Ovens & Ranges

Maytag MGT8885XS 30-Inch Double Oven Range Review

This range is packed with features, but it lacks consistency.


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A double oven range with a $1,899 MSRP is an enticing prospect for consumers, especially when its packed with features like a griddle and five burners. But in the case of the what seemed like a great value at first ended up a disappointment during our tests. We're sensitive to the difficulties of cramming features, extra burners, and even an extra oven into a single, mid-priced range, but a weak rangetop and unremarkable oven left us unimpressed.

Design & Usability

The design language stresses simplicity.

We were happy to find the rangetop control knobs canted towards the user for convenience, and the oven's seemingly complex touch controls weren't at all confusing to us. In fact, this range actually had fewer buttons than most other ovens.

Overall, the exterior design itself is handsome enough, with solid black continuous grates, a shiny stainless finish, and a fifth burner complete with griddle.


More power please!

At low temperatures, we were very pleased with the MGT8885XS's rangetop. It's often very difficult for gas ranges to reach — let alone maintain — temperatures down below 150°F, but this one had no trouble simmering.

This Maytag's whisper was more powerful than its shout, however. The power just wasn't there when it came to high temperatures and boiling. One burner did produce decent results, but the rest were so far behind, we've seen dedicated simmer burners trump the MGT8885XS's second-best boiling burner.

Oven, Broiler, & Convection

Stick with the upper oven.

Both ovens clocked crazy fast preheats in six and eight minutes respectively for the lower convection and upper conventional ovens. Once up to temperature, however, performance was quite literally not so hot. The upper oven did well enough in our tests, but the lower convection oven really struggled to maintain a proper heat at the all-important temperature of 350°F. This wouldn't be such a big deal, but someone looking to buy a double oven range is, well, is looking for two decent ovens.

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Both ovens have standard racks, unremarkable broilers, different levels of self-cleaning, and all the typical delayed-bake and keep-warm features. One thing is definitely important to keep in mind: the size of the ovens. In some double oven ranges, the lower oven is large enough for the Thanksgiving turkey, but this 3.9 cubic foot lower cavity might not be large enough.


You can do better.

While we commend Maytag for offering a somewhat affordable, feature-packed dual oven range at a relatively affordable $1,899 MSRP, we can't recommend the MGT8885XS. Yes, it comes with a ton of great features, but a lousy bottom oven and rangetop sandbag the whole package. If you're going to spend your money on five burners and two ovens, they might as well work. Either spend a little more for a range that delivers on its many promises, or spend a little less and get a solid, basic range.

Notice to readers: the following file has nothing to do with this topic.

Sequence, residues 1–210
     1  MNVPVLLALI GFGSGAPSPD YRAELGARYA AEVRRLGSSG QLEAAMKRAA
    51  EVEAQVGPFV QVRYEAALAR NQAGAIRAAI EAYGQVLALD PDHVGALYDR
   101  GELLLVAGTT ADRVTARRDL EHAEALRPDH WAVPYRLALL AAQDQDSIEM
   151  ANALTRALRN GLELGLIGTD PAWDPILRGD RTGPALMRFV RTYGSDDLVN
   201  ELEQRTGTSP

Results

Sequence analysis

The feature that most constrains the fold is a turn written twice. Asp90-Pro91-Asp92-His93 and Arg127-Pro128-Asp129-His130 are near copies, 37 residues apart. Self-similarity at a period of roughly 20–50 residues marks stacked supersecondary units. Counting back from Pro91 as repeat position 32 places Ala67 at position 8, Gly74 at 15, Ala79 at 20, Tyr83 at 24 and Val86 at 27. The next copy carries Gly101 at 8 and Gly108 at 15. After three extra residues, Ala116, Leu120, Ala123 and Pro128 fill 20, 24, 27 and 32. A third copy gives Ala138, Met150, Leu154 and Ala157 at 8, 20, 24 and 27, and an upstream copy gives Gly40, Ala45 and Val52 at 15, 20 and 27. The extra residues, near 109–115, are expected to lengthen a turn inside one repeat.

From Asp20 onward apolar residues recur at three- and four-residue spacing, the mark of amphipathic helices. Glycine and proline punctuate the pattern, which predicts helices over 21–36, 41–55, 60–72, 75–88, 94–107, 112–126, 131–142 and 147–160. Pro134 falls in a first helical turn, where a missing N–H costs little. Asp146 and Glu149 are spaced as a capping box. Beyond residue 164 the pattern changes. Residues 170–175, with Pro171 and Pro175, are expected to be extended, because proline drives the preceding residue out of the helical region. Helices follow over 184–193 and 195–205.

Science Introduction

If you still want to know more details about the Maytag MGT8885XS's performance, we've assembled data, charts, and commentary to better understand why we weren't the biggest fans of this dual oven range.

Oven Performance

Middling to poor performance plagues both ovens.

The upper oven maintained keep-warm and maximum temperatures well enough—though the oven averaged 536°F instead of 550°F. Set to 350°F, the upper oven didn't do quite as well, struggling to keep its temperature in check, fluctuating up and down the dial significantly in a 61°F window.

The lower oven's convection 350°F test was a fiasco. Oven temperatures ranged from 307°F to 390°F during the 15 minutes of testing after the preheat, averaging 334°F. This is far past the 330-370°F window we consider good.

Rangetop Performance

It can simmer well, but that's about it.

Since many gas ranges have trouble with getting their burners cool enough successfully simmer, we applaud the MGT8885XS's abilities. The front left and rear right burners were able to get down to 132°F and 133°F respectively, and the other burners weren't that far behind.

Unfortunately, this low power excellence seemed to be at the cost of high powered excellence as we found weak boiling temperatures. Struggling to heat up six cups of water, three of the four burners took over 24 minutes, with the slowest taking 64. The front left burner did well, clocking a time just over five minutes, but we expect better from a mid-level range. The high temperatures weren't too great either, with just one burner cracking 400°F.

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